Some background (which beginners should read and others can skip).

The delivery of electric energy to consumers is a joint effort between the generators that create the power and the wires that bring it to the consumer. The wires part of the system are not simple links between generators and consumers, but rather complicated network of wires in which consumers and generators are connected in multiple ways. The added flexibility that comes with networking helps the system work more reliably and at lower cost.

The network also comes with a big coordination problem, too. Power flows on the network are not individually controllable. With many generators producing power for many consumers, parts of the power grid may become overloaded. One key job of the power system operator is to watch the power flows on the electric grid and intervene as needed to prevent a transmission line from being overloaded. The intervention generally takes the form of directing a generator (or generators) contributing to the potential overload to reduce output and directing other generators to increase output. In areas outside of regional system operators, this function is done on a piecemeal basis as problems arise. A significant benefit coming from full-scale regional power markets integrated with system operations (such as ERCOT in Texas after the switch to a nodal market and in other similar ISO/RTO markets) is that such coordination can be done in advance, with more information, mostly automatically, and more efficiently than piecemeal adjustments.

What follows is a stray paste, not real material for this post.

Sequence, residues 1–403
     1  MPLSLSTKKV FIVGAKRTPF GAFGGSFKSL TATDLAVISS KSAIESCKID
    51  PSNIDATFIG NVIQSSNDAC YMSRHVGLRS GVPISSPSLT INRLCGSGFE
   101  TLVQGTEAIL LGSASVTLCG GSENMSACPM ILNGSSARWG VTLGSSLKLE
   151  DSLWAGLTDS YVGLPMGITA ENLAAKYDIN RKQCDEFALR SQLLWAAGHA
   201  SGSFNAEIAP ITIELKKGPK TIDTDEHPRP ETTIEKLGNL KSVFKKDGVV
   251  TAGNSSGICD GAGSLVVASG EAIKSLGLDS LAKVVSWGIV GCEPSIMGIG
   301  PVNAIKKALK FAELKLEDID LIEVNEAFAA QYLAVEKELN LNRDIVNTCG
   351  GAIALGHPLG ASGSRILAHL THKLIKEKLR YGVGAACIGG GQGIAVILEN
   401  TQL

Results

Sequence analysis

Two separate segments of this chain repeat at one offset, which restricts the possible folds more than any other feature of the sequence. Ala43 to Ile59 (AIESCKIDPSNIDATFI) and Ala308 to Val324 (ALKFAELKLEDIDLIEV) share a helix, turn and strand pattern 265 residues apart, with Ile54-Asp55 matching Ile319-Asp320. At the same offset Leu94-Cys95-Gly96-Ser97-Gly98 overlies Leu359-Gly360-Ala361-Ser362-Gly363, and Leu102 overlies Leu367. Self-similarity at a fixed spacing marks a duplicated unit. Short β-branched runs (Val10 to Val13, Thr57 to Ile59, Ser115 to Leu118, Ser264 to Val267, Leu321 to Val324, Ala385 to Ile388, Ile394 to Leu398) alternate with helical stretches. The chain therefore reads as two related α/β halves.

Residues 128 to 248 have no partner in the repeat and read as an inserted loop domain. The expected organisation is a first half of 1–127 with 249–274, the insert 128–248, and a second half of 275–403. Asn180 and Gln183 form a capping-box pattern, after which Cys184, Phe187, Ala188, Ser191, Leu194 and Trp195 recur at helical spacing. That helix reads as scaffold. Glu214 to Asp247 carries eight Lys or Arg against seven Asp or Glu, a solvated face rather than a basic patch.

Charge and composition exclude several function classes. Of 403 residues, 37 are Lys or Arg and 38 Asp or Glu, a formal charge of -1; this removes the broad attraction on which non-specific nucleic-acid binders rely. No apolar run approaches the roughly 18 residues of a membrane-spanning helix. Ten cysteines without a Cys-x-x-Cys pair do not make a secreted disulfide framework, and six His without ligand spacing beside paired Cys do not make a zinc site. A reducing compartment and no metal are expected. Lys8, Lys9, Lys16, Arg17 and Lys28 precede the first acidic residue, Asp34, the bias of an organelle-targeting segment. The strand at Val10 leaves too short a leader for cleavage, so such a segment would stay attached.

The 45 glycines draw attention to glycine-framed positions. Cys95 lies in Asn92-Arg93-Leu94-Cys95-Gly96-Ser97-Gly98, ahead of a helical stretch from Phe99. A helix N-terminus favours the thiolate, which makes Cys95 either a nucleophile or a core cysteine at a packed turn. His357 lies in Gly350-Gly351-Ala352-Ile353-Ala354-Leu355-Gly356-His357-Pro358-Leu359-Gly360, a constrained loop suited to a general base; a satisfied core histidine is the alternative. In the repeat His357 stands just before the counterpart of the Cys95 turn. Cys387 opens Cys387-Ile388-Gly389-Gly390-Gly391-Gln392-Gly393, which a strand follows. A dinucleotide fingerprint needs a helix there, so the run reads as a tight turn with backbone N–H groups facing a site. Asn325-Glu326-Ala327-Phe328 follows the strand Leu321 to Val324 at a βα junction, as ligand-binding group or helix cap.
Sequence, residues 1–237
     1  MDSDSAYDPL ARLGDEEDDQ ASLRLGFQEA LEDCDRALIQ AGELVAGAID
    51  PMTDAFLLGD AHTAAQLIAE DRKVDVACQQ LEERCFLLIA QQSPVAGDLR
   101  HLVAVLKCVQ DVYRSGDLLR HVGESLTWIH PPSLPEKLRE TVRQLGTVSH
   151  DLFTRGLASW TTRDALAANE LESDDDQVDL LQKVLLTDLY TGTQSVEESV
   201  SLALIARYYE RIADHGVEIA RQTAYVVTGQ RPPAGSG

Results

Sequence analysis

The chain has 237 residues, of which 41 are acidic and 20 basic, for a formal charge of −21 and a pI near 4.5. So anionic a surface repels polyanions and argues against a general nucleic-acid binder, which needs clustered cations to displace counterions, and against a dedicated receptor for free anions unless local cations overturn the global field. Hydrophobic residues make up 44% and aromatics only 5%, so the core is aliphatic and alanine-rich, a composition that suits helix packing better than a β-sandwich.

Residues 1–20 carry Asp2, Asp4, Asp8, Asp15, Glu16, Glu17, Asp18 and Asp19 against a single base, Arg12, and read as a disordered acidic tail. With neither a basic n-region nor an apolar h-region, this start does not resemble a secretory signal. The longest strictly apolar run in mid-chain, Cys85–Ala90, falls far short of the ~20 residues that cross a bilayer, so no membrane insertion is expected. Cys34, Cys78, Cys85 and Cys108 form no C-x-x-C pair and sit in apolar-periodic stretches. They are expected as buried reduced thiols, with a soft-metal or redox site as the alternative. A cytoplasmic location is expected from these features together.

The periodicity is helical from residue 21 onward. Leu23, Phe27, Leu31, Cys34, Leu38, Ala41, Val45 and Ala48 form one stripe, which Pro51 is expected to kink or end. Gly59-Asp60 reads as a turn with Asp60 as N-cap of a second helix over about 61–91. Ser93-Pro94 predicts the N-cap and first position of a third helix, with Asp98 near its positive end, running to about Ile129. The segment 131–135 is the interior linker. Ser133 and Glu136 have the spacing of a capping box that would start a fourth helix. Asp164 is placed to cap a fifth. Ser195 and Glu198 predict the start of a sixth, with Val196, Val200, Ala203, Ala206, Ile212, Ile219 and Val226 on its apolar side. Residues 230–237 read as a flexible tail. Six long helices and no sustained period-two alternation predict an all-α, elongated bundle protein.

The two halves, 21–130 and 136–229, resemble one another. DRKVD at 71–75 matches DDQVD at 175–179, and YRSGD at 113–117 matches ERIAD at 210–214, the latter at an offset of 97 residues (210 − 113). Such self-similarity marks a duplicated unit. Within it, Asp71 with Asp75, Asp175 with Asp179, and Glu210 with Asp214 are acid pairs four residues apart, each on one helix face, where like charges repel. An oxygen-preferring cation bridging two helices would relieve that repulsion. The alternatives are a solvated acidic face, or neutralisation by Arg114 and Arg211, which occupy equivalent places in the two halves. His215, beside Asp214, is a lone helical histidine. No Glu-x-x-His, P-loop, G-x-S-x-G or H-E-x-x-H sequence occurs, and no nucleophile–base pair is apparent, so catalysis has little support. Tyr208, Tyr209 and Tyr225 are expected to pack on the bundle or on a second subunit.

Described in simpler terms, the regional power system operator helps generators and consumers coordinate use of the power grid in the effort to efficiently satisfy consumer demands for electric energy. A zonal market design, like ERCOT started with, did minimal advance coordination. The nodal market design and related changes implemented by ERCOT allowed the market to do more sophisticated and efficient coordination of grid use.